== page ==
A Germanophile or Teutophile is a person who is fond of German culture, German people, and Germany in general, or even exhibits German nationalism – so to speak – in spite of not being an ethnic German or a German citizen. This love of the German way, called "Germanophilia" or "Teutonophilia", is opposite to Germanophobia.
The term was especially in use in the 19th to 20th centuries after the creation of the German nation state and the rise of the German Empire, it is used not only politically but also culturally; for example Slavoj Žižek refers to the geographical triad of Europe as being England (utilitarian pragmatism), France (revolutionary hastiness) and Germany (reflective thoroughness).
In 19th century British romanticism, the term's antonym was Scandophile, expressing a dichotomy of associating Anglo-Saxon culture either with continental West Germanic culture, or with North Germanic (Scandinavian) culture (the "Viking revival"). The term was also used in opposition to Hellenophile, an affinity to "Teutonic" or Germanic culture and worldview as opposed to a predilection for Classical Antiquity.
In 19th century continental Europe, the dichotomy was rather between Germany and France, the main political players of the period, and a Germanophile would choose to side with Germany, against French or "Romance" interests taken to heart by a Francophile. The corresponding term relating to England is Anglophile, an affinity that was in turn often observed in early 20th century Germans choosing to side against France.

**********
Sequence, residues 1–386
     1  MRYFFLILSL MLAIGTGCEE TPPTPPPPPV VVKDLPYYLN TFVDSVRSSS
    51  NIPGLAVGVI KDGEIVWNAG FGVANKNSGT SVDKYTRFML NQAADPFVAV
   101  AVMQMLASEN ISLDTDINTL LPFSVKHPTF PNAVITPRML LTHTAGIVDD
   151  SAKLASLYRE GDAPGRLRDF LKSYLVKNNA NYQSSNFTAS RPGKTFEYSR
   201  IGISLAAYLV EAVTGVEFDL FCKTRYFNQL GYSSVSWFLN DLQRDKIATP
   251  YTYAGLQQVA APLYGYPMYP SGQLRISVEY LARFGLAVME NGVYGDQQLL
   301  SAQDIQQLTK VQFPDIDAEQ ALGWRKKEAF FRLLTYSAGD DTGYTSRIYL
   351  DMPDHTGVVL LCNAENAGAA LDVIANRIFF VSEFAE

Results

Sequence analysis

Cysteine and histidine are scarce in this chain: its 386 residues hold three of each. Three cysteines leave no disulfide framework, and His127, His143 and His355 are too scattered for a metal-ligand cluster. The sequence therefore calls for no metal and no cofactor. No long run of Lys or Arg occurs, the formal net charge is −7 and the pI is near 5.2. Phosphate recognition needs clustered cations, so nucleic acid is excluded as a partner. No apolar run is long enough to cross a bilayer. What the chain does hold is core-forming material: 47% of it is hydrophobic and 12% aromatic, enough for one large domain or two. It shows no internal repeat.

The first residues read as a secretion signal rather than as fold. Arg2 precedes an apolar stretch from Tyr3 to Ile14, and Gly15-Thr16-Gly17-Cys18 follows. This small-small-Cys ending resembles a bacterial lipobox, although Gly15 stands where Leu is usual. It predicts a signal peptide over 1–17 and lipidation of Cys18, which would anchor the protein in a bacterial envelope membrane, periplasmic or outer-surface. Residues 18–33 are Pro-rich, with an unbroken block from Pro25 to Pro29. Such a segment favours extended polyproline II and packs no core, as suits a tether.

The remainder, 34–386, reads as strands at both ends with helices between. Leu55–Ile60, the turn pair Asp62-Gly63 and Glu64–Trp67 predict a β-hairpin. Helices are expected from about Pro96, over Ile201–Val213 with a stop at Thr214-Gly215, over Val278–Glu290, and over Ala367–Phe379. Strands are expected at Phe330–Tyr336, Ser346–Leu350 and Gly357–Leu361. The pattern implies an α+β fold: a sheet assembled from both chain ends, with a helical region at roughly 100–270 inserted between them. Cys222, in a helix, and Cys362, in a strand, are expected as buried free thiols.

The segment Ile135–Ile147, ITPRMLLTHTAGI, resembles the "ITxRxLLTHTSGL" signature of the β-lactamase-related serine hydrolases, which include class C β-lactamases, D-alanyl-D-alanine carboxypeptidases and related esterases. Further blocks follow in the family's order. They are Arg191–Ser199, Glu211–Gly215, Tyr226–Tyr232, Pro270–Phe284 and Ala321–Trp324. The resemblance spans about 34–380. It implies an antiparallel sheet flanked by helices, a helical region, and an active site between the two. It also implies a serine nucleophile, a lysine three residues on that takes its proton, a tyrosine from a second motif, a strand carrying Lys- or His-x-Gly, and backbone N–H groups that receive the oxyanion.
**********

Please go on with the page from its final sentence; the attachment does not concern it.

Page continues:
This term was also popularly used in the 20th century to refer to the German educational system formed by Wilhelm von Humboldt, which was leading at that time, and served as a model for many elite universities around the world from Oslo to Harvard.
- Peter Watson: The German Genius: Europe's Third Renaissance, the Second Scientific Revolution, and the Twentieth Century, Harper Perennial, ISBN 978-0060760236
- Walter John Morris: John Quincy Adams, Germanophile, Pennsylvania State University, 1963
- Arthur Coleman Danto, Jean-Marie Schaeffer and Steven Rendall: Art of the Modern Age: Philosophy of Art from Kant to Heidegger, Princeton University, 2000
- "germanophile in AHD."
- "Hegel was among the first to interpret the geographic triad of Germany-France-England as expressing three different existential attitudes: German reflective thoroughness, French revolutionary hastiness, English moderate utilitarian pragmatism. In terms of political stance, this triad can be read as German conservatism, French revolutionary radicalism and English moderate liberalism; in terms of the predominance of one of the spheres of social life, it is German metaphysics and poetry versus French politics and English economy." Slavoj Žižek, How to Read Lacan.
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